When you create an offer to advertise on Facebook, you essentially have two options— have your followers click a link that takes them to an opt-in page on your website or create a Facebook form right there. The best thing you can do? Make it easy on yourself and create the Facebook lead form right where you’re advertising: Facebook.
Facebook lead forms allow you to capture lead information while avoiding long, annoying questionnaires. By cutting down the time it takes for customers to reach the offer, you increase the likelihood of more signups from your promotion.
You can use Facebook leads and forms to spread the word. Allow your prospective and current members to sign up for offers like free classes, discounts, or refer-a-friend promotions, all without leaving their favorite website. When someone clicks on one of your ads or posts, Facebook creates an auto-fill form with the information the user has already submitted to Facebook like their name or phone number. All that’s left for them to do is finish filling out the form and click submit.
In order to start collecting your user’s information and promoting your offers on Facebook, you need to create a lead capture form. With the following tips below, creating a Facebook form is simple and can help get your promotion off the ground.
What type of questions do I ask on a Facebook form?
The great thing about Facebook forms is that they are completely customizable. This means that you can ask any questions you want, from the simple request of a name to open-ended questions asking for feedback or what they’re looking to get out of your studio.
You are not only offering someone a great promotion, you are also trying to gather their information so you can market to them in the future. At the minimum, these questions should be in every form you create:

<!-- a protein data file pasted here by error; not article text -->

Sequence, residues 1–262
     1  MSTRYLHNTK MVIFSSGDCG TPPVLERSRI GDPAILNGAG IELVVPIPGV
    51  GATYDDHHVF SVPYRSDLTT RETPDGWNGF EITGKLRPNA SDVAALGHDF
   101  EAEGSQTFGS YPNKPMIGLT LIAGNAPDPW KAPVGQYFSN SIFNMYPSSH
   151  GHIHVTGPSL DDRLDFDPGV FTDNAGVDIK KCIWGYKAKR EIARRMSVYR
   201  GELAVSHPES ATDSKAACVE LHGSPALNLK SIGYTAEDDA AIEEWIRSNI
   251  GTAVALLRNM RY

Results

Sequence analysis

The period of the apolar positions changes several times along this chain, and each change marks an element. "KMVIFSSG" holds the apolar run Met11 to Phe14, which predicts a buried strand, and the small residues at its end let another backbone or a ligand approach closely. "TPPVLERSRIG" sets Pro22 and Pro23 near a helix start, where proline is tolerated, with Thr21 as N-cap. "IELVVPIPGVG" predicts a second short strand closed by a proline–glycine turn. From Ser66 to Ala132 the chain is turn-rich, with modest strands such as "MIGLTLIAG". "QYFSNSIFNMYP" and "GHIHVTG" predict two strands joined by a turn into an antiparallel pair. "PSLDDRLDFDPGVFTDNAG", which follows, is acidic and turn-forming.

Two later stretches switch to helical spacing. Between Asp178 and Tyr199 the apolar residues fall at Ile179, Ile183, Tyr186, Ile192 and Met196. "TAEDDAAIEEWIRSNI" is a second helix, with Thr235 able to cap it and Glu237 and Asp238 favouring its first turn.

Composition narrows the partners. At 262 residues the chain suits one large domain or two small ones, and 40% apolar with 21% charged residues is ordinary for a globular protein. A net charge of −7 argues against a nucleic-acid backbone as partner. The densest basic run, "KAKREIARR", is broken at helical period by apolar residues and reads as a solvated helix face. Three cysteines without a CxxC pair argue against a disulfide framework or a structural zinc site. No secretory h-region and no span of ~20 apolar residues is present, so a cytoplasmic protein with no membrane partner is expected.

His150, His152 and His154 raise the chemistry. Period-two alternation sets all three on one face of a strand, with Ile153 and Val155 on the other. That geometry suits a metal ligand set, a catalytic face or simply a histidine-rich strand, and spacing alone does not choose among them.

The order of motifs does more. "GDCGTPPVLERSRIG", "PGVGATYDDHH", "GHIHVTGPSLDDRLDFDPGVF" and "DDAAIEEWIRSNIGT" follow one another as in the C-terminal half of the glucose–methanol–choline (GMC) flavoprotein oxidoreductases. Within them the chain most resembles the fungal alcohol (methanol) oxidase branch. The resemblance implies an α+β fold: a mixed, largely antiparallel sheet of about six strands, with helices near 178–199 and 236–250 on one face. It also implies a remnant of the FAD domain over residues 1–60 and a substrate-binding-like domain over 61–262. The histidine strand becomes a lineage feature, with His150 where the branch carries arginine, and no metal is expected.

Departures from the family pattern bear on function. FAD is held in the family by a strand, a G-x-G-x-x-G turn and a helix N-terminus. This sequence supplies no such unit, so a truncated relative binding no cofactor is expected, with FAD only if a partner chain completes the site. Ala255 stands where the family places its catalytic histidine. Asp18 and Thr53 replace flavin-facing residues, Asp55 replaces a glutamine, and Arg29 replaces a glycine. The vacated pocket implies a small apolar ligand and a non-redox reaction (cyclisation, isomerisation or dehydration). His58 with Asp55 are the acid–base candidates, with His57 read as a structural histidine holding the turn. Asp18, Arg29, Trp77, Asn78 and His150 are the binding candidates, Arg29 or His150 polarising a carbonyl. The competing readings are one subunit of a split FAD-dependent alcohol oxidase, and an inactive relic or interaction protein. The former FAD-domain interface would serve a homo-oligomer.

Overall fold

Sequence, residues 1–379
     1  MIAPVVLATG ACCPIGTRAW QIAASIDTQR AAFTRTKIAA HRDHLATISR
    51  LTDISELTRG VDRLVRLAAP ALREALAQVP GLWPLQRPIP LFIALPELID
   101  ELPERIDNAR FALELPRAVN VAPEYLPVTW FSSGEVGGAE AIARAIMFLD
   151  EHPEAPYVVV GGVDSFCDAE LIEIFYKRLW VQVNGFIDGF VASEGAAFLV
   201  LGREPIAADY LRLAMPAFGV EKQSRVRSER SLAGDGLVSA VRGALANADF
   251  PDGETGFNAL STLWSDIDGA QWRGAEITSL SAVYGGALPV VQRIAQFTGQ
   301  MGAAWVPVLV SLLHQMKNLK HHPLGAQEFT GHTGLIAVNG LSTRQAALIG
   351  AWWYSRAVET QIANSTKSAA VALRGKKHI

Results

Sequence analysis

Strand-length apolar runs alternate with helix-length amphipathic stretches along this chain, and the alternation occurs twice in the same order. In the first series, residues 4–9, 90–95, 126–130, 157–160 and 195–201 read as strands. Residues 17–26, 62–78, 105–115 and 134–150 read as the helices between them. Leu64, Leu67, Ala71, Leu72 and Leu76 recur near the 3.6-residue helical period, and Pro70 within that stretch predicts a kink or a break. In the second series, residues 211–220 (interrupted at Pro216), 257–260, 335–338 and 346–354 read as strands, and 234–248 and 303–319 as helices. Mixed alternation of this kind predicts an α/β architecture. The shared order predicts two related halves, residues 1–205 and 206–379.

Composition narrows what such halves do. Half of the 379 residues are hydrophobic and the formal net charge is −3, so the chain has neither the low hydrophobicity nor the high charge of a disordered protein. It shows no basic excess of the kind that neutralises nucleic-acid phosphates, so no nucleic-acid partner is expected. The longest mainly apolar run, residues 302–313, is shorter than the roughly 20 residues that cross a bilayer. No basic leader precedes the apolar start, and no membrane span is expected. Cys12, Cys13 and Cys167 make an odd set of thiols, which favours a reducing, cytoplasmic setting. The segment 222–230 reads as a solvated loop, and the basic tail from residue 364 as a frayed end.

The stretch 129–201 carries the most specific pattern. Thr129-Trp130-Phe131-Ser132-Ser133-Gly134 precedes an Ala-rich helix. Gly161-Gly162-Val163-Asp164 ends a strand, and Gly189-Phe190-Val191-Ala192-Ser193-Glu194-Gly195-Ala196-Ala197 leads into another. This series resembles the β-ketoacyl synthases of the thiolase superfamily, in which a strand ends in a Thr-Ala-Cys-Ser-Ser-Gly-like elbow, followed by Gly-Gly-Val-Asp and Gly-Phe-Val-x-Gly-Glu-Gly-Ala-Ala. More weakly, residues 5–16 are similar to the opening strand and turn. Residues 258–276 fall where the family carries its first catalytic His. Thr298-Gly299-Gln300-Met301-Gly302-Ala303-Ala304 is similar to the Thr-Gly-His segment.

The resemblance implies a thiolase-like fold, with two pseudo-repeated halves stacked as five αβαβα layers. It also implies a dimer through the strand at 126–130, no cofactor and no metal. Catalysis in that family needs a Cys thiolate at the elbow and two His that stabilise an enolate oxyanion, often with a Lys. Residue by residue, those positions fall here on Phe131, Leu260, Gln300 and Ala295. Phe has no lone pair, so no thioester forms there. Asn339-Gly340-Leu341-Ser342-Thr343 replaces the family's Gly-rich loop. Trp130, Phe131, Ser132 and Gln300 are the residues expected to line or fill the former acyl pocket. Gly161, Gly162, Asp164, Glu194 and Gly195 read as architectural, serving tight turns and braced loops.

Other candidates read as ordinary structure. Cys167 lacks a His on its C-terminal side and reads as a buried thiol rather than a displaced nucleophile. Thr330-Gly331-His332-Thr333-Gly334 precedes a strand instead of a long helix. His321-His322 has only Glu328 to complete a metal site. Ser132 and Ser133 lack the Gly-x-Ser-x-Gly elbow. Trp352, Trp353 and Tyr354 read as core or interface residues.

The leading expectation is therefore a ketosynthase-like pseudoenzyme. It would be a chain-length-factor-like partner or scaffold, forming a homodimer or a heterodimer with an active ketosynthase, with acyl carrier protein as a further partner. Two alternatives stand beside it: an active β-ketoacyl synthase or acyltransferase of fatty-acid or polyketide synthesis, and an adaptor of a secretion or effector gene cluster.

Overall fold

- First and/or last name
- Phone number
- Email address
Looking to create a more robust form? Here are a few examples of some open-ended questions you could ask.
- How often do you attend a fitness class?
- Are you currently a member of a gym or fitness studio?
- What is your preferred method of working out?
- What are you seeking to gain from joining our studio?
How many questions are optimal?
Short answer: this depends. Some forms will need to be long and informative. Some will simply require short questions that will take respondents minimal time to fill out. In the end, try to only ask questions that are necessary and what you need. For example, if you’re creating a form to gauge how members enjoyed a recent 5K you hosted, don’t ask them questions about what classes they regularly take at your studio.
Even if your offer is amazing, people often don’t have the time or the patience to fill out a 20 question lead form. Ask as many questions that make sense, but test different versions of forms against each other and compare fill-out rates to figure out what’s working for your fitness studio.
How to create a clear call-to-action
When you create a Facebook form the default call to action is “Learn More.” Always customize this to what applies. Make sure your call to action tells users exactly what they are getting. If you’re offering a free class, change the call to action to “Get Your Free Class Today”. If you’re offering a discount, “Click for 25% off Your First Class”.
What to put on your “Thank You!” screen
The last step to building a Facebook lead form is to optimize your thank you screen. Once your users fill out the form and click the call-to-action, they are taken to a thank you screen. Go above and beyond and customize this to say more than a simple “thank you”. Optimize the screen with a link to a class-booking page, your “Contact Us” page, or a blog you’ve posted. It’s one more way for you to drive traffic back to your website.
- How To Ensure Proper Customer Data Transfer When Migrating Out Of MindBody
- The Most Popular Wellness And Fitness Trends In New York For 2020
- 4 Widgets To Improve Conversion On Your Fitness Studio’s Website
- The Fitness Business Podcast | COVID-19 Planning: Action Plan & Tips for Fitness Business Owners & Managers
- Studio Member Retention: 3 Tips To Improve During The March Slump